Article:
Guinea Pig Lunch

The next day Williams organised a Guinea Pig lunch for us at a nearby restaurant. Before serving the meal, they brought the cooked pigs out whole for a photo shoot and I am sure some of the group started having second thoughts. I suppose it’s worse if you had them as pets when you were young. Anyway the meat was quite nice, tasted a bit like chicken (don’t we say that about all unusual meat ?) and I even found the crunchy claw was edible, much to Qentin’s disgust. We had another long and slow train ride from Cusco to Juliaca. Not a great deal to view scenery wise on the train ride. Going to the toilet was an experience and quite dangerous as the train often lurched from side to side. Having a light bulb just above the toilet on the low ceiling wouldn’t win any interior design awards. Luckily I had bought some local souvenir cards, so Pete, Robert, Sue and myself played 500 for a while before having lunch on the train. The highest point on the rail trip was at a place called La Raya (4,313m) where we had views of snow capped mountains.

Guinea Pig for lunch


Our hotel was about 30 minutes out of Puno and had distant views of Lake Titicaca. It also had artificial rock style walls and these bizarre bird sculptures on top of the roof which were meant to be condors but looked more like vultures. Nothing bizarre about the hotel restaurant where most of us had trout for dinner. For our first excursion we drove about an hour out of Puno and visited the interesting Sillustani ruins that contained “Chulpas” or burial towers, both Inca and pre-Inca towers. Unlike the Spaniards, the Inca’s didn’t go around destroying sacred buildings built by previous civilisations. However, lightening strikes had done a lot of damage to the towers over the years. One of the round Inca burial towers had not been completed and it had a ramp to one side with pre-fabricated rocks laid out in orderly lines on the ground around the structure. It was a great insight as to how they built the towers.

Uros Indians on Lake Titicaca – Bolivia

Lake Titicaca

On the second excursion we took a boat out to the floating tortora reed islands on Lake Titicaca where the Uros Indians live. When you arrive on the reed islands the children sing the same song over and over, but in different languages. Some of the reed islands were quite large and one even had a small school building. Apparently their spartan existence revolves around eating and exchanging fish for goods and relying on the tourist dollars. Back to the hotel for another superb meal at the restaurant. This time it was a bowl of soup served with a separate bowl of cooked lamb, potatoes, peaches, apples, parsnip, cabbage, tomato, onion. You cut up the ingredients, put them in the soup and away you go. Very tasty and very filling. Then it was across the border to Bolivia where we stopped for lunch at Copacabana, on the shores of Lake Titicaca. The peanut soup (like a chowder without seafood) and the kingfish were delicious. The Pacena beer was not quite as good as Cusquena beer. The good news was that the exchange rate for Bolivia was twice that of Peru, which meant cheaper eating, drinking and shopping.

La Paz

The rest of the afternoon was spent travelling to La Paz, which is the highest capital city in the world at 3,900 metres. We stayed at the Hotel Gloria and after travelling all day decided to have a late dinner in the hotel restaurant, which had superb nightscape views of the city. I had scallops for my entrée and a thick rump steak for mains but sadly could find no room for dessert. However, the highlight of dinner was the Irish coffee and not just the coffee itself but the entertaining way the waiter made the drinks in front of us. Especially when he poured in the blue flaming contreau. Afterwards we headed off in taxis to Wayki’s bar for a few beers and a night of retro rock music. We also drank one of the locals favourites, a big bucket of unknown but sweet tasting intoxicating ingredients that we drank from with straws. The next day our local guide, Carlos, took us on a walking tour of La Paz. We visited the Plaza de Armos, Casa de Murillo which included a very good museum containing lots of Inca gold artefacts, San Francisco church and the tourist market area. Even though we had been at altitude for a while we still had to walk slowly up the hills around La Paz as you run out of breath quite quickly.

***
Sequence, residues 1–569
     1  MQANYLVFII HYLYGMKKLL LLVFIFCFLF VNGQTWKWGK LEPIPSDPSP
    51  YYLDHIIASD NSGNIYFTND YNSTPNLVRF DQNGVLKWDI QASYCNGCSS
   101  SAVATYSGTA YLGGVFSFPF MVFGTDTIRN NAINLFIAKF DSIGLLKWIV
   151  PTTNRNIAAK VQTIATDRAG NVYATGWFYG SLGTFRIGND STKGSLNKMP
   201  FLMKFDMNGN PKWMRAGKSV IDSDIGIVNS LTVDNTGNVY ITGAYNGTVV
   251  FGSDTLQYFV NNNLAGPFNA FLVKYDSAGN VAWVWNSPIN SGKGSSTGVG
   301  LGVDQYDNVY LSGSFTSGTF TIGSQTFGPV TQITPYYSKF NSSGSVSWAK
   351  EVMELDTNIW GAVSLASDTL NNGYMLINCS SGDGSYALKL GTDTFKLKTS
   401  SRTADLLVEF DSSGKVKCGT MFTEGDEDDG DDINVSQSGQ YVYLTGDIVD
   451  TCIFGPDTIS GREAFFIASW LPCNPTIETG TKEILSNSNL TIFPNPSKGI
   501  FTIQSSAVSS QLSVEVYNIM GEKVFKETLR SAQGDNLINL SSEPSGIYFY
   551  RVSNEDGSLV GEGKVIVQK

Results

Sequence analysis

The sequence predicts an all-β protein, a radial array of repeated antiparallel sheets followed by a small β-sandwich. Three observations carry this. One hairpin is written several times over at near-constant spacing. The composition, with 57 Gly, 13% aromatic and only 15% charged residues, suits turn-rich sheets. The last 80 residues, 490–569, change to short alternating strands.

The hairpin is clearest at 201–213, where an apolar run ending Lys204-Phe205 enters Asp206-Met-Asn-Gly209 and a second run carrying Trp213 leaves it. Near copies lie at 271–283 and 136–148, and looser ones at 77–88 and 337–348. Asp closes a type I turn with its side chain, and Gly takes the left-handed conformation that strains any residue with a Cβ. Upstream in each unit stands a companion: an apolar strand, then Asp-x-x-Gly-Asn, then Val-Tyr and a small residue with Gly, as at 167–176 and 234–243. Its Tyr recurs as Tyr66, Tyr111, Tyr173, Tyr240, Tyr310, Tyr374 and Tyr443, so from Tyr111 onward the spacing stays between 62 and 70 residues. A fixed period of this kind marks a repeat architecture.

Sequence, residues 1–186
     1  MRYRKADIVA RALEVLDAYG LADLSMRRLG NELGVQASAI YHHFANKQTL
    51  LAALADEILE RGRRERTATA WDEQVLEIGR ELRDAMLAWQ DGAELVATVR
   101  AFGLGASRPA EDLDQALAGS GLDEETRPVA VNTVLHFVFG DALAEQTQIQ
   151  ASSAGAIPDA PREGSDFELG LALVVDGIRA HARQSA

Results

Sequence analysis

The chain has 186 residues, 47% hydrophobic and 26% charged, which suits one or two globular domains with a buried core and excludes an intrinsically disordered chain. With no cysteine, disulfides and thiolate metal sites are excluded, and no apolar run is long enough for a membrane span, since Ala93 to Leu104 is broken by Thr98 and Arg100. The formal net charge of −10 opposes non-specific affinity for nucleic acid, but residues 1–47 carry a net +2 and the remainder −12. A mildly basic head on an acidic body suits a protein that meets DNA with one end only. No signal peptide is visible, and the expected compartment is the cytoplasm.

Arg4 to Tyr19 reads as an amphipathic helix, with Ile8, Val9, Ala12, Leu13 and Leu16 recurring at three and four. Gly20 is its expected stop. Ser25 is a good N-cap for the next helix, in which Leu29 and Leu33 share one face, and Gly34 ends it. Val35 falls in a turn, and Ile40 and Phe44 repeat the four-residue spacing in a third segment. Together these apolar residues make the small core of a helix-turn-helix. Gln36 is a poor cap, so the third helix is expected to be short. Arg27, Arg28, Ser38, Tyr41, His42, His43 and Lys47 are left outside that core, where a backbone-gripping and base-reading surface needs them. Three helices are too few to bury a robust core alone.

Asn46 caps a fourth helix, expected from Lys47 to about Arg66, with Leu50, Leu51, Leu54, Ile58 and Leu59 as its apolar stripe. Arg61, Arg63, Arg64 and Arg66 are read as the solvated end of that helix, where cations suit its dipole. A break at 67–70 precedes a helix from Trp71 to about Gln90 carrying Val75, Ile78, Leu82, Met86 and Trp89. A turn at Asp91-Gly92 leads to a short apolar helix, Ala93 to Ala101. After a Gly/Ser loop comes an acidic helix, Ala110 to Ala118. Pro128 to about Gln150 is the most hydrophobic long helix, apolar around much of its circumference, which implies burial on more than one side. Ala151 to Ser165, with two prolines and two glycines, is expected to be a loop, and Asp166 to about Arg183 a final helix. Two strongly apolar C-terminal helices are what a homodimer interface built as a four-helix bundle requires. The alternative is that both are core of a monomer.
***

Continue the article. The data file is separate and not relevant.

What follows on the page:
Tiwanacu Ruins

Some of us took an optional excursion to the Tiwanacu ruins about an hour and twenty minutes out of La Paz. These ruins are an amazing place yet surprisingly very little of the site has been excavated. The Tiwanacu race existed before the Inca’s and it is obvious they passed on some of their stone masonry knowledge to the Inca’s. Our guide said that archaeologists had not found any stone carving tools at the site so they are not sure how the Tiwanancu race shaped the large rocks. The most amazing thing we saw, or heard to be more precise, was a primitive megaphone in one of the stone walls. They had carved out the shape of the inner ear inside the rock and it really worked because we tried it out. You could talk normally through it from the other side of the wall and people thirty feet or more could clearly hear you. If you put your ear inside you could hear the group quietly talking to themselves.

Traditional Folk Dancing – La Paz, Bolivia

Folk dancing and free tequila

For our last night in La Paz we went to a fantastic folk dancing, music and dinner show. The Andean folk music was superb and the costumes of the dancers were very colourful and at times quite bizarre. Of course there was a lot of audience participation in the dancing which was great fun but very tiring. Afterwards it was back to the Wayki’s bar for the third and last night. Lots of beer, free whisky and free tequila. When traditional Andean folk music songs were played some energetic young locals would get up and do this amazing traditional folk dancing. It was a spectacular display of dancing which had the whole place captivated. That the two girls dancing were gorgeous had nothing to do with it.

Wayki’s Bar, La Paz, Bolivia

Back to Australia

Well there’s nothing like a massive hangover when flying out of a country. The flights were quite rough and I only just managed not to embarrass myself. I had a stopover in Buenos Aires for a day before heading home to Australia. We had some of the Brazilian Olympic squad travelling with us on the plane and they were quite well behaved, except for one time when some of the athletes decided to swap seats just before the plane was about to accelerate down the runway for take-off. The crew were not amused. After arriving at Sydney airport, Customs officials set the sniffer dogs upon us searching for drugs, which the Brazilians found highly amusing. My mate Brett picked me up from the airport and we went home and had gourmet pies and beers for lunch and listened to my Andean music CD’s that I had bought in La Paz. The body clock took a while to re-adjust to the time differences. I first woke up at 1-30am, then 4-30am for a few mornings and then eventually back to normal. Well the end of another fantastic adventure and I have now chalked up 50 countries, which has always been a goal of mine since leaving High School … many years ago. Until next time, happy and safe travelling. Adios amigos.